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today's leftovers

  • Docker: Making the Internet Programmable
    Docker, and containers in general, are hot technologies that have been getting quite a bit of attention over the past few years. Even Solomon Hykes, Founder, CTO, and Chief Product Officer at Docker started his keynote with the assumption that people attending LinuxCon Europe know that Docker does containers, so instead of focusing on what Docker does, Hykes used his time to talk about Docker’s purpose saying, “It really boils down to one small sentence. We're trying to make the Internet programmable.” Hykes described this idea of making the Internet programmable with three key points. First, they are focused on building “tools of mass innovation” designed to allow people to create and innovate on a very large scale. Second, applications and cloud services are allowing the idea of the Internet as a programmable platform to be realized, and they want to make this accessible to more people. Third, they are accomplishing all of this by building the Docker stack with open standards, open infrastructure, and a development platform with commercial products on top of the stack.
  • How to benchmark your Linux system
    The Software Center list will also include individual tests. These can be fine to use, but they can be tedious to open and configure manually. Keep your eye out for an entry called Phoronix Test Suite, or PTS for short. The Phoronix Test Suite is a powerful program that can run a single test, or an entire battery. PTS offers some built-in suites (collection of tests), or you can design your own suite. When tests are completed, you can choose to upload the test results to, where other users can see your results and even run the exact same tests on their PC.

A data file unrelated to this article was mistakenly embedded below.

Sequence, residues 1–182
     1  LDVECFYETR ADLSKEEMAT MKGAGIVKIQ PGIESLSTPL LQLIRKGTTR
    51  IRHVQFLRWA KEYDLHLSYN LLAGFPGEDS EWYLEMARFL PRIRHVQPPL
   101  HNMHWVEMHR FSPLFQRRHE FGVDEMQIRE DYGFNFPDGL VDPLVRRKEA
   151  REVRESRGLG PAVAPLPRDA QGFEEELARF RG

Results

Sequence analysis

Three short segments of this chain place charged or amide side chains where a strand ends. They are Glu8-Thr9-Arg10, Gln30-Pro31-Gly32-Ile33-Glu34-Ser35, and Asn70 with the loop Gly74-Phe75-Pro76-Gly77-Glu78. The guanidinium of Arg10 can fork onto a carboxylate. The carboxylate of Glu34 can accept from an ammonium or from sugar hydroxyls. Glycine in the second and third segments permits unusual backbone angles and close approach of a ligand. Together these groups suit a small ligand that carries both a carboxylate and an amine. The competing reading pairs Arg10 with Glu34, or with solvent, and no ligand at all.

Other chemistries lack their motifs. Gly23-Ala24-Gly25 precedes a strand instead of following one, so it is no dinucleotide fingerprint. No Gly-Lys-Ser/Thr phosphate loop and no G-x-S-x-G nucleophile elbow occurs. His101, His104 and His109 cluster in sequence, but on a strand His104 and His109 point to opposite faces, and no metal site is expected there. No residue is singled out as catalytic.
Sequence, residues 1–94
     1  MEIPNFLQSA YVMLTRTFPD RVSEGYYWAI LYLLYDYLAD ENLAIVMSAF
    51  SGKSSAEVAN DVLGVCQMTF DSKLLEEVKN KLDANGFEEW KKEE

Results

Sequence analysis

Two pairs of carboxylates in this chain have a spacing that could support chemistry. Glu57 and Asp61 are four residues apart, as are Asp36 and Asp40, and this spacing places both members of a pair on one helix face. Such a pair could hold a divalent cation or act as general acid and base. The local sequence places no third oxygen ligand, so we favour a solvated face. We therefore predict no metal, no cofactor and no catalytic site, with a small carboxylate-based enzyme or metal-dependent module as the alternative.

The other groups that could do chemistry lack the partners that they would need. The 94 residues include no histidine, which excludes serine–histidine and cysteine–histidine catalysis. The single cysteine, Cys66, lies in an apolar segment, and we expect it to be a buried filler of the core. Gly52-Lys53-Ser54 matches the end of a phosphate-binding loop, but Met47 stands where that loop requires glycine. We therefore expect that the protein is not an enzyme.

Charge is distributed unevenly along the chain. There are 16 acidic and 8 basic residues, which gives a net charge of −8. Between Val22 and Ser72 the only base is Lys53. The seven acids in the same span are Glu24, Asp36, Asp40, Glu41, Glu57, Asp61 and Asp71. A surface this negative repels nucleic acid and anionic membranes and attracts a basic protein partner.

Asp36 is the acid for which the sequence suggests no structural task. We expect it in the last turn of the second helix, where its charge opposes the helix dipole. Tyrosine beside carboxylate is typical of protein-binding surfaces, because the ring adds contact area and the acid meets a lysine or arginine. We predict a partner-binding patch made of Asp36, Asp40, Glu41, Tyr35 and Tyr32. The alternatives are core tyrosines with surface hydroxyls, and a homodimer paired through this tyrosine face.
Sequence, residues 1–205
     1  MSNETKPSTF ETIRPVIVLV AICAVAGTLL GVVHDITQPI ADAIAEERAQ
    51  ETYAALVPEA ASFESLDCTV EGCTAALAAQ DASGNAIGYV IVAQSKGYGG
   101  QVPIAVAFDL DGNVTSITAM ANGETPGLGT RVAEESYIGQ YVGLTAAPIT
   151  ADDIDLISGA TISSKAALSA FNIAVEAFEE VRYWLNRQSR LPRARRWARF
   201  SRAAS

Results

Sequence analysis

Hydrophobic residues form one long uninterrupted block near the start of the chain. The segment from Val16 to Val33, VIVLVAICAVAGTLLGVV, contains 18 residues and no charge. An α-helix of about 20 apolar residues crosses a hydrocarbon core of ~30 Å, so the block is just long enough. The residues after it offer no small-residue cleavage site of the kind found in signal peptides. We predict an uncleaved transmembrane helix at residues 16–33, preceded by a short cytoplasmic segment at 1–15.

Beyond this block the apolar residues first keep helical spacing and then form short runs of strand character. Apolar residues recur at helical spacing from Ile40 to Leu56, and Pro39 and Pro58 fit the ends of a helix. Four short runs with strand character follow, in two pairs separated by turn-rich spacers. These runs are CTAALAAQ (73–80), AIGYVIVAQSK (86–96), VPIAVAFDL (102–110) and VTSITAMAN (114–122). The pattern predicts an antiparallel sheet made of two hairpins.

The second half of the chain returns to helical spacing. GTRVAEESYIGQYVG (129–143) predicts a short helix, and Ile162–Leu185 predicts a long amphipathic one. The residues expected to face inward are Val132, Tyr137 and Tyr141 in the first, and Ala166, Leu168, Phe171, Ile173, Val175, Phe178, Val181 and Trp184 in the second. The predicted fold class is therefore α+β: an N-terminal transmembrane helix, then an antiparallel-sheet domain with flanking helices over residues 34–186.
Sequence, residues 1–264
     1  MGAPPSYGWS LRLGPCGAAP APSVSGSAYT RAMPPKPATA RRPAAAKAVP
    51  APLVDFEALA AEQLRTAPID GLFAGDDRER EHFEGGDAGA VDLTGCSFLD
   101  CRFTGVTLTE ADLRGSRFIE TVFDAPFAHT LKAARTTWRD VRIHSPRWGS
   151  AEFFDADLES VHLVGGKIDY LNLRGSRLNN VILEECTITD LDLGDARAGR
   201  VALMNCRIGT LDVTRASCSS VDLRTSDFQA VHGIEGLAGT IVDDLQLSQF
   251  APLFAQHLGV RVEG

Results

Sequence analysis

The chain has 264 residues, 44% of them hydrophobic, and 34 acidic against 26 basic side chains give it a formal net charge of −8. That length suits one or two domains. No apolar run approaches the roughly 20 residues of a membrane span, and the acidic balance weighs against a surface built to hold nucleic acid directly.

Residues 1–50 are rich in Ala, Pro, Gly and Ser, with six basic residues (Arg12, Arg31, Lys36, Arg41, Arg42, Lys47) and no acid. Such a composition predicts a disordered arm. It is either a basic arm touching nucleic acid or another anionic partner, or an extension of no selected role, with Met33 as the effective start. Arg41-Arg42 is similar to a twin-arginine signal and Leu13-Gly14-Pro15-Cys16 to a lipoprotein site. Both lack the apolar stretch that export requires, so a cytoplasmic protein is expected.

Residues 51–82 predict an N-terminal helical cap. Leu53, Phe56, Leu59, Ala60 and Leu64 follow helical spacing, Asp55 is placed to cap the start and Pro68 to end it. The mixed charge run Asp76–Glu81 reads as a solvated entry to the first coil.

• Wunderlist Electron App for Linux
    Missing Wunderlist on Linux? You don’t need to thanks to Wunderlistux, an Electron-based desktop app. It doesn’t claim to be anything more than a wrapper around the official Wunderlist web app (which, yes, you could just open in a new browser tab).
  • Enter the Wasteland: Mad Max now available for Mac and Linux
  • What a lovely day! Mad Max releases for Mac and Linux
  • Mad Max Comes to Linux and Mac
  • GNOME at Linux Install Fest
    It’s an event organized in order to help first year students install a Linux distro on their laptops (here at our uni, we work almost entirely on Linux, so we need to help those that have never used it and set up their distros

today's howtos

Red Hat News

Leftovers: OSS and Sharing

  • Google’s Open Source Report Card Highlights Game-Changing Contributions